The Garden Plot

Austerity Killed The Recreation Hall



For the last several years at least, governments at all levels have been beating their austerity drums quite loudly.  They have presented doom and gloom scenarios that if we don’t change our ways that society will crumble.    Services will disappear, rivers will dry up, sidewalks will be non-existent sort of thing.    I don’t disagree that on many fronts collectively we have allowed our governments to live above their means.  However, if we are to look at government from a purely money in-money out math equation that balances I feel we are lost in translation.

In municipal terms, we have been fortunate for the last several years that taxes have not changed while at the same time pressure on the city bottom line increases.  Under CAO Richard Butts, there has been a strong push for all departments to find savings, increase efficiency and all around do their best to be more streamlined.  It is a balancing act whereby council sets policy, and then staff via the CAO enact the policies set forth by council.  However, with a policy to not fill certain positions those gaps are and will leave our municipal services and infrastructure at risk.   We are only as strong as our weakest link, and if the link is broken the impact over time will cause chaos.

For what, from my perspectives, feels like a large part of the 20th century and into our current century, governments have operated on a buy now-pay later philosophy.    There are basic infrastructure that we have come to expect (and rightfully so) like transit, libraries, sidewalks, roads, snow clearing, recreation centres etc.   Balance and priorities should be a focus of any government, but if we are allowing “austerity measures” to shield us from tax increases – that is illogical.   The reality is things costs more today, and most likely will continue to increase in cost as time marches on.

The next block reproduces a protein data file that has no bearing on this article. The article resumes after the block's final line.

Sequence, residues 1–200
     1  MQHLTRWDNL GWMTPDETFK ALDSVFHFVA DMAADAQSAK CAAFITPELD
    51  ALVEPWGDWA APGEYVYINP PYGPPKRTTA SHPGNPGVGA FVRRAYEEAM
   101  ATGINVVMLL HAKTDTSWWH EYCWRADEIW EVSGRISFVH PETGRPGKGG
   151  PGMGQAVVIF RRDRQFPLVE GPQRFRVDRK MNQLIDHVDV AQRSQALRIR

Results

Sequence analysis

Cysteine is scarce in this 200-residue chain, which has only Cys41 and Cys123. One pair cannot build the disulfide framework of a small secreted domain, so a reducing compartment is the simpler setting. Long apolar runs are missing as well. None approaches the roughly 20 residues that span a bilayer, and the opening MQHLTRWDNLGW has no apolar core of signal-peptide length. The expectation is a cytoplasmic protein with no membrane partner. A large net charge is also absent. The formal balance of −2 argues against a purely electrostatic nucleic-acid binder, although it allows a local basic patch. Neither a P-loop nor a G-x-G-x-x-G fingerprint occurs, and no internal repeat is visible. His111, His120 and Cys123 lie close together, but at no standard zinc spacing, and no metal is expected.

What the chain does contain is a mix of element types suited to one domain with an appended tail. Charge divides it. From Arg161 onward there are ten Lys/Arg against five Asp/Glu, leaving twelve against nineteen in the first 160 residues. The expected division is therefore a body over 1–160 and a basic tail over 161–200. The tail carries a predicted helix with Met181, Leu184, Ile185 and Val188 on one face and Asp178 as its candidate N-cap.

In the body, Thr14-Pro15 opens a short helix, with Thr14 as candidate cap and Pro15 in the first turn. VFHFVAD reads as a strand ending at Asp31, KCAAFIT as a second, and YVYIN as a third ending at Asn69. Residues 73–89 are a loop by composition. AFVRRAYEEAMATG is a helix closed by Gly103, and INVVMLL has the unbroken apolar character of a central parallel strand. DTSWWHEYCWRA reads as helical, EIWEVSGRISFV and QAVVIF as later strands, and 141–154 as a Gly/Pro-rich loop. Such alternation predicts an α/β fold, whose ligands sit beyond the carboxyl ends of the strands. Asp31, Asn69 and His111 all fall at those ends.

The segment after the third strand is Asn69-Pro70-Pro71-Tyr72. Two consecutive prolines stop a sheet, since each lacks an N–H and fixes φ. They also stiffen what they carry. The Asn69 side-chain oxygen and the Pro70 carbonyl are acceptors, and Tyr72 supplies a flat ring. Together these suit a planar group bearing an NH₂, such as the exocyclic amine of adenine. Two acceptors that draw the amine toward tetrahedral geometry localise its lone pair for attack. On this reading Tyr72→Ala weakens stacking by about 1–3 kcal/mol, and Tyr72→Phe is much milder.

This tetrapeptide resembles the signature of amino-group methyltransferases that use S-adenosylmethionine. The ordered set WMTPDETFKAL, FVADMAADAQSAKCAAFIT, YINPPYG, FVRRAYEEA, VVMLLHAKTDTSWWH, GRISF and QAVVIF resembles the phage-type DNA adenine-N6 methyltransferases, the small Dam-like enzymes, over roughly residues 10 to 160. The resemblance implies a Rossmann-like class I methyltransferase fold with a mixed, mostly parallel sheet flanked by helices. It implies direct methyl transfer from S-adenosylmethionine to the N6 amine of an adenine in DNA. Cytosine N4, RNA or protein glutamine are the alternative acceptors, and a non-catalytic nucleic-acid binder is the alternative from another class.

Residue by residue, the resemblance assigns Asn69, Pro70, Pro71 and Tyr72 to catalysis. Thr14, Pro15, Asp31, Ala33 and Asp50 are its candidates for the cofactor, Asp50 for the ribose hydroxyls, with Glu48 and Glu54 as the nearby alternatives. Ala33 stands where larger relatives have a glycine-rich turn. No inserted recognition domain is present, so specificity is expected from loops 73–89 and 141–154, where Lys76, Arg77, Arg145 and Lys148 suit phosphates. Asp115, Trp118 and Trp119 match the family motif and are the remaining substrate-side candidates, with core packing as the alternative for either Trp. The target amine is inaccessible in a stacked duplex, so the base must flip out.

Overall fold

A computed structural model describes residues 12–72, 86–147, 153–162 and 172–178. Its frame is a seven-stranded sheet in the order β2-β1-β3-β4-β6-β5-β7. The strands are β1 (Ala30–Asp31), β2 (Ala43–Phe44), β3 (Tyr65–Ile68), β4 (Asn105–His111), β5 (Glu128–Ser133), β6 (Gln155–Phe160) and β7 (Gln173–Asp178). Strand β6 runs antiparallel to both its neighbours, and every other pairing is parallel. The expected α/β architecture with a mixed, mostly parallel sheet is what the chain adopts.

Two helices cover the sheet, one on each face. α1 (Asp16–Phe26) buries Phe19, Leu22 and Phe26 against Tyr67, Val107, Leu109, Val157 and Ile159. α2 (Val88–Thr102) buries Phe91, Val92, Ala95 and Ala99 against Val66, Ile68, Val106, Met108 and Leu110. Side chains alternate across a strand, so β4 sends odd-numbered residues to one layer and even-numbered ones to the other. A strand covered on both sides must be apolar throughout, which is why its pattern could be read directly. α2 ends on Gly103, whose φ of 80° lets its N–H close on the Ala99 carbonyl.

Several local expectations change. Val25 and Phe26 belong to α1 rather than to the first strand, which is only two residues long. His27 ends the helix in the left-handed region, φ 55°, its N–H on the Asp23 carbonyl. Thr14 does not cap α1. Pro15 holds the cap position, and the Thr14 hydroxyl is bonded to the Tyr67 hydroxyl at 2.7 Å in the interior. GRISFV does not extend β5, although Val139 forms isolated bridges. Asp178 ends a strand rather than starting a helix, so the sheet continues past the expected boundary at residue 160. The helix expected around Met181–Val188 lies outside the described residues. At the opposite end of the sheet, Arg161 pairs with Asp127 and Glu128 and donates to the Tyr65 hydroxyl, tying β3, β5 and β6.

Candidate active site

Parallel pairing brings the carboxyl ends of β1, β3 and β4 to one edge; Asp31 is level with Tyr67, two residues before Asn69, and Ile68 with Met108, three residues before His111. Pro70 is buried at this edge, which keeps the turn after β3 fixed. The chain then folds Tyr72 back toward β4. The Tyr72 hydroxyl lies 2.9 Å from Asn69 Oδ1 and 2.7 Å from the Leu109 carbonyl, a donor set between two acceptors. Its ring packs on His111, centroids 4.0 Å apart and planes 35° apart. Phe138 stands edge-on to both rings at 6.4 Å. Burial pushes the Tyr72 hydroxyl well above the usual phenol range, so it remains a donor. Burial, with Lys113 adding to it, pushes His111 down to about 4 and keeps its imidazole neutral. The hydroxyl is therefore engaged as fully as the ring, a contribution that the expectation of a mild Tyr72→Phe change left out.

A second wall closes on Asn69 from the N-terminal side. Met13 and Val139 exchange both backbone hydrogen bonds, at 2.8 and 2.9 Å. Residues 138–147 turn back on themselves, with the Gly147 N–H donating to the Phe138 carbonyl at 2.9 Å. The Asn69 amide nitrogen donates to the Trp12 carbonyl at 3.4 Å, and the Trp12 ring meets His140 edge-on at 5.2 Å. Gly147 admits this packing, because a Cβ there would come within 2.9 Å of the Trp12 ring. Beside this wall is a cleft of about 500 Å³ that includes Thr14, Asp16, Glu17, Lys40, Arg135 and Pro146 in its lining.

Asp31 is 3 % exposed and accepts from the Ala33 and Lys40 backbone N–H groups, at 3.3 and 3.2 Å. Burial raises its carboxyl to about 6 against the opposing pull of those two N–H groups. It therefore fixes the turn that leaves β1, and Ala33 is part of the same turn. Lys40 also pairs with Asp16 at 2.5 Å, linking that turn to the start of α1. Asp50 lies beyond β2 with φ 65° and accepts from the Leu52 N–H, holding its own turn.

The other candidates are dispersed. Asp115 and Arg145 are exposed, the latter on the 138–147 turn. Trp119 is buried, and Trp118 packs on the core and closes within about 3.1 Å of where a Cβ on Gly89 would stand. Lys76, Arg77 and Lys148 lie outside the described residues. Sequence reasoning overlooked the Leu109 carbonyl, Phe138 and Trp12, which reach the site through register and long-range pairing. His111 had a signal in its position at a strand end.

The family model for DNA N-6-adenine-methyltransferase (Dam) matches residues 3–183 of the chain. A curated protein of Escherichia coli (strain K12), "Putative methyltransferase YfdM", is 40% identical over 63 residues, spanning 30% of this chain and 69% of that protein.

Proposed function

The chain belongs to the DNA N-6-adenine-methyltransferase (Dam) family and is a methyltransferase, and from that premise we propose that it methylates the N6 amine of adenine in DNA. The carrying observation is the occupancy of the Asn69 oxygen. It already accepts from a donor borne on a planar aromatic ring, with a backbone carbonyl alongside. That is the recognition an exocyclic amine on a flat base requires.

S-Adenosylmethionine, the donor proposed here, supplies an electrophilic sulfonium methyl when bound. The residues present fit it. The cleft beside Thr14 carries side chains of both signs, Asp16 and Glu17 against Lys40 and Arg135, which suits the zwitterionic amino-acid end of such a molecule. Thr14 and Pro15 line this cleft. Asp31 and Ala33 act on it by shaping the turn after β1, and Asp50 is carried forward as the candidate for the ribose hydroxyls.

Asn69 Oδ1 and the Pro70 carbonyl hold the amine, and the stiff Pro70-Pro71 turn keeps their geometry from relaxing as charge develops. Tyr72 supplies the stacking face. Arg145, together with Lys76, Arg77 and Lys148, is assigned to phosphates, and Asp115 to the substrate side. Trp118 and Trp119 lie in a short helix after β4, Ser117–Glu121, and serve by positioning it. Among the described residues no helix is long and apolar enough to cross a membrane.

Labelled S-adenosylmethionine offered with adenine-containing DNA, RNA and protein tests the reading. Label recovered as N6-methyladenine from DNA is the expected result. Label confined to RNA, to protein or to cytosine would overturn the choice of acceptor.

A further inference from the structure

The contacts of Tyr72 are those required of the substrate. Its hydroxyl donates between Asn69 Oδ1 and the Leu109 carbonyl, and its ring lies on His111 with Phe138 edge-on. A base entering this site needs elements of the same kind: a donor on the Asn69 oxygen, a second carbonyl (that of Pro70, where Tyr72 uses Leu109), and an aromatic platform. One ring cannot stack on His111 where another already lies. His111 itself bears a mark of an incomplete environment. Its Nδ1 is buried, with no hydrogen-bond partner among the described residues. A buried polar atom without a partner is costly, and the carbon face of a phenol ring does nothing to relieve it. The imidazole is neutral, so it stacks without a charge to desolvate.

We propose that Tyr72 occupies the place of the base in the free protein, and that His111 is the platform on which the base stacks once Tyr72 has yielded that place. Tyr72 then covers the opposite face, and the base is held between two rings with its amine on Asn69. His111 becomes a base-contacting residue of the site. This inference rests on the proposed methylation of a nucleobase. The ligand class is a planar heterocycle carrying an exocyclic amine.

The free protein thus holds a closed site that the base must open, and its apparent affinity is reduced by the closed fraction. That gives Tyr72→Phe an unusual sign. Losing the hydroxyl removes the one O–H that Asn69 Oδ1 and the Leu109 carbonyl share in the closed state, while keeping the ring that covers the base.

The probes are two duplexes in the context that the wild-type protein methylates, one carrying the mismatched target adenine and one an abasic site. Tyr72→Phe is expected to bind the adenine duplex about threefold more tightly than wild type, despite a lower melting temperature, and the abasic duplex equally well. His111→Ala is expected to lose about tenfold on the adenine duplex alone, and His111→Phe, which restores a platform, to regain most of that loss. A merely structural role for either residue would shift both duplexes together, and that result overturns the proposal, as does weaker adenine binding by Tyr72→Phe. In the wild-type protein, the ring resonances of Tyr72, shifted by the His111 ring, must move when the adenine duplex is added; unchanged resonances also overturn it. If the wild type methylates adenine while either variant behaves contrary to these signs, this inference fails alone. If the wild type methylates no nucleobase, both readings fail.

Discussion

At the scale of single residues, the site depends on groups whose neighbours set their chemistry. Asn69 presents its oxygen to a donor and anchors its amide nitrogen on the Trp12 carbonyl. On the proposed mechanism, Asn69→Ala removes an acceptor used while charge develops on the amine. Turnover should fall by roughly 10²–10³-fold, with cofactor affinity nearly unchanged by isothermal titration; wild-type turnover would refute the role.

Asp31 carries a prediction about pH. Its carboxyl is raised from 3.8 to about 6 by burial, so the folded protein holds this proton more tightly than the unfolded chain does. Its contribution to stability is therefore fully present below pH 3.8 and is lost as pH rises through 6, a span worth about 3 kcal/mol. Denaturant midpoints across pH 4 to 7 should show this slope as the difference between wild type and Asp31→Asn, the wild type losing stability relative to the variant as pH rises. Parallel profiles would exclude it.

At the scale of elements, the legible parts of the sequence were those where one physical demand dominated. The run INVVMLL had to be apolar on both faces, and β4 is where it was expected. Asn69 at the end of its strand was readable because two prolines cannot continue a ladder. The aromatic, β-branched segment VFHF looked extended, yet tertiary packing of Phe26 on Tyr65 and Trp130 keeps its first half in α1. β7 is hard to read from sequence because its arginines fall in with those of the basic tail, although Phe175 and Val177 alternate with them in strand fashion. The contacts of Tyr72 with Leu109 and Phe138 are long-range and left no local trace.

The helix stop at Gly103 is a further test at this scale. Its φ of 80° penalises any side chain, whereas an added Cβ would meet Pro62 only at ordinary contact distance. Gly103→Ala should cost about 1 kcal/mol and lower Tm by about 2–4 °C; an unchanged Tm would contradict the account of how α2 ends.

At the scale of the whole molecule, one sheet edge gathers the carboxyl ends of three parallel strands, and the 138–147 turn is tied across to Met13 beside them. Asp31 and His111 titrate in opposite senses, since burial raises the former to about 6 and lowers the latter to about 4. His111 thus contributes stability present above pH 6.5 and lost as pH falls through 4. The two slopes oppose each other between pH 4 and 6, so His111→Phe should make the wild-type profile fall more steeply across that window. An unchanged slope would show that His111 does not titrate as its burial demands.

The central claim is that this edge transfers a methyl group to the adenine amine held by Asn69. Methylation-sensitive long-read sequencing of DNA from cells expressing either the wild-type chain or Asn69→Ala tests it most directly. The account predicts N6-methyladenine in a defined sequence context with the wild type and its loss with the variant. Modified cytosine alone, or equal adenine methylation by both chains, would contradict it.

The notion of “making our grandkids” pay I feel is a red herring.  Having a healthy, diverse, vibrant city with infrastructure to support it costs money and the sheer base principles of accounting cause some expenses to be annualized over time.    I want to see our city thrive and grow, to be a bastion of education, culture, family and environmental stewardship.   But, I want to see our city and our infrastructure needs function in a sustainable, open lens.   To simply not replace an employee in an attempt to save money to thwart taxes is bad management.   We are at a juncture where government and citizens alike must look at our systems and have consensus on our needs, wants and expectations.  

Operating under the guises of austerity robs our city of it’s true potential.  It reduces or eliminates an honest dialogue on where we are and where we would like to be.  It facilitates infrastructure failing and promotes a lack of accountability.   It is time that we as a city with city hall have an honest, open and respectful dialogue about what our infrastructure and staffing needs are to continue moving our vibrant city forward.